Use this URL to cite or link to this record in EThOS: http://ethos.bl.uk/OrderDetails.do?uin=uk.bl.ethos.579007
Title: British party politics and foreign policy : the case of Zimbabwe
Author: Sibanda, Nkululeko
Awarding Body: University of Huddersfield
Current Institution: University of Huddersfield
Date of Award: 2012
Availability of Full Text:
Access through EThOS:
Access through Institution:
Abstract:
The basic tenets of International Relations have become subject to uncertainty and debate. The academic consensus that dominated the field has cracked with further questions arising on the conventional assumptions’ claim to universality. Post-modernist thinkers, who have challenged its foundation on structured thinking, affirm that normalising discourses within traditional foreign policy position restricts academic advancement in the area. They challenge the notion that geopolitics and national politics are mutually exclusive. They argue for an interpretive approach of IR, which could show that some principles and understanding that shape domestic policymaking may affect foreign policy positions. Their interpretation of politics, including IR, is that, its fundamentals require an interpretive review of actions and their consequences. These reveal the socio-political and environmental influences that help shape policy, which traditional approaches to foreign relations fail to reveal. In over a century, the political situation in Rhodesia and Zimbabwe tilted towards the ideological position of the party in Britain. A debate about the nature of government, human rights, economics and Britain’s role in these, has characterised the foreign policy debate between the two states. The definition of these concepts has depended on the party running Downing Street. The emphasis on similar issues in the 1970s and 1980s differed to that of the late 1990s, indicating divergent interpretations of national interests, which most scholars regard as causal of the apolitical nature of IR. The high levels of public interest Rhodesian/Zimbabwean interests pushed foreign policy into the ideological field of domestic politics. This challenges the IR premises established by convention IR approaches. Thus, using the case study it is clear that dominated views of foreign relations are unable to verify the whole picture of what transpires in a political field.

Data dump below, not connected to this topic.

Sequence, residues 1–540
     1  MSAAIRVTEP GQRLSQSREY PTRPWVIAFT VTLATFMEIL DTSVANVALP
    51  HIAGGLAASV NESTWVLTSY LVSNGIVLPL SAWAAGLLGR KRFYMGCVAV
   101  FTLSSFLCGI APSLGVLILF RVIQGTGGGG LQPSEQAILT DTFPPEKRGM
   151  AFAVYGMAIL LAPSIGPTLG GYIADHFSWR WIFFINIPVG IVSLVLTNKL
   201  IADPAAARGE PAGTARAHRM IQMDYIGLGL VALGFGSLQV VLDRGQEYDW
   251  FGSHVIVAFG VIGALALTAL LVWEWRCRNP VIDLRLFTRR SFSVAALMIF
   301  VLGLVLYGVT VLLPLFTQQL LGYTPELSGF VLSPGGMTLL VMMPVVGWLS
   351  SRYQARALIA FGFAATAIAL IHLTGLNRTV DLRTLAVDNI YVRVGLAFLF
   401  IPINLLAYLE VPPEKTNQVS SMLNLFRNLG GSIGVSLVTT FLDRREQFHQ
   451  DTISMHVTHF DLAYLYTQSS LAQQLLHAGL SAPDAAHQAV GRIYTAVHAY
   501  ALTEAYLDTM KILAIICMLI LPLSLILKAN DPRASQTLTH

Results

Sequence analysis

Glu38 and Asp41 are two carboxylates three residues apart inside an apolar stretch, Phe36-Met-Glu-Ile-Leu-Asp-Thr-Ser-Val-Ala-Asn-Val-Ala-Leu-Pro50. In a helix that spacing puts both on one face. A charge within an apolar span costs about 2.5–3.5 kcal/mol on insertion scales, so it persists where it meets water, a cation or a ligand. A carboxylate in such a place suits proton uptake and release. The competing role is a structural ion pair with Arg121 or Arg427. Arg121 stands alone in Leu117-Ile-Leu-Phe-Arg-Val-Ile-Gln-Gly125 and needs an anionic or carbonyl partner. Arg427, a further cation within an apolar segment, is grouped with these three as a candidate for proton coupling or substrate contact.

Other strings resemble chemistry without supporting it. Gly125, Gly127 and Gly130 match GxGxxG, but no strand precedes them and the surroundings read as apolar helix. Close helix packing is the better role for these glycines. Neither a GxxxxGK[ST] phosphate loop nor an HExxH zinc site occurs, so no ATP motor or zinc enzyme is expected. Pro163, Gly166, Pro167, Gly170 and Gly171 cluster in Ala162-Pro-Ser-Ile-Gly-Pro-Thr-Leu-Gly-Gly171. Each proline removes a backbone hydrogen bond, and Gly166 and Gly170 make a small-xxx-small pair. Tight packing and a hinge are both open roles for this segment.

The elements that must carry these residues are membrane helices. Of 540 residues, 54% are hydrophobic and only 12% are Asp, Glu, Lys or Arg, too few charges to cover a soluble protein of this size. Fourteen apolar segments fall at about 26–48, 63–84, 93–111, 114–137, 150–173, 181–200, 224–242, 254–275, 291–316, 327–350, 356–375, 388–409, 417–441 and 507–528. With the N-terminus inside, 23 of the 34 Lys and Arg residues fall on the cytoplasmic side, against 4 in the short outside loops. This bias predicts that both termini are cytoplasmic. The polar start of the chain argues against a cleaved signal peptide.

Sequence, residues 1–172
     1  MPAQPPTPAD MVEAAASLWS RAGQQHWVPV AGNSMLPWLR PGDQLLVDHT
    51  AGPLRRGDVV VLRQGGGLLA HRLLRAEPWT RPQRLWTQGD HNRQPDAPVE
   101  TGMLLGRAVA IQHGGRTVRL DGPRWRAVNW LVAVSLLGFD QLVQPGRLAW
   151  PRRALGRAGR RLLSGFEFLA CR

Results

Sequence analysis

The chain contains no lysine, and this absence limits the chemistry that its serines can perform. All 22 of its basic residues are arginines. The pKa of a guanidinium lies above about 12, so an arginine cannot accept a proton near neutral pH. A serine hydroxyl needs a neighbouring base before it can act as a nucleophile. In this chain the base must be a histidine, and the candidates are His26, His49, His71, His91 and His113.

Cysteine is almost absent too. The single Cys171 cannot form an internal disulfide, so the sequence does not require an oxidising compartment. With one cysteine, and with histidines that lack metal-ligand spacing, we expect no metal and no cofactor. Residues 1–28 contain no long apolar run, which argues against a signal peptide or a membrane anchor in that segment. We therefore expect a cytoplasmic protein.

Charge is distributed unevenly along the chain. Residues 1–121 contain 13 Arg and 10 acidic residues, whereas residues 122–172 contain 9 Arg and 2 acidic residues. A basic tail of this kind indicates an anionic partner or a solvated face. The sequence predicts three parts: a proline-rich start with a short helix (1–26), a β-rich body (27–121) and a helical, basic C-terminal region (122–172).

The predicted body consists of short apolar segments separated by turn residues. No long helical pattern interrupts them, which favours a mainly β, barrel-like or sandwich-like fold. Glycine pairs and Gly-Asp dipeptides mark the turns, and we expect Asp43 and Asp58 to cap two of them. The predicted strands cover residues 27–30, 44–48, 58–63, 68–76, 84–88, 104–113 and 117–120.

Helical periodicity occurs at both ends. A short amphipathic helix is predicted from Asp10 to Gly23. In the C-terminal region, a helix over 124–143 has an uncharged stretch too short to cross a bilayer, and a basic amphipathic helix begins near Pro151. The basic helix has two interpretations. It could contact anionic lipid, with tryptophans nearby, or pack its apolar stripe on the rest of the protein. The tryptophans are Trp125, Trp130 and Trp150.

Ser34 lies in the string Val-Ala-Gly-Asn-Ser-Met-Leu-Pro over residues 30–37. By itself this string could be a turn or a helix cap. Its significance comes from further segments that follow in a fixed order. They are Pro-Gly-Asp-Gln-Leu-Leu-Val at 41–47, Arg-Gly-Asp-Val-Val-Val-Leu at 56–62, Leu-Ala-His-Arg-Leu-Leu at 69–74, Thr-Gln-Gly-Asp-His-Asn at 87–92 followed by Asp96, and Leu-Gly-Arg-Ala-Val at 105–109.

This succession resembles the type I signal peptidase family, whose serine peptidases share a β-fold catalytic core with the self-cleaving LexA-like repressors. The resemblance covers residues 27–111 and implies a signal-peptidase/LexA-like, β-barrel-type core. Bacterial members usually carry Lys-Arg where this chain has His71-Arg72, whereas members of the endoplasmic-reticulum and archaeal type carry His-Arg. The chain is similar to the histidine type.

Supervisor: Not available Sponsor: Not available
Qualification Name: Thesis (Ph.D.) Qualification Level: Doctoral
EThOS ID: uk.bl.ethos.579007  DOI: Not available
Keywords: JZ International relations
Share: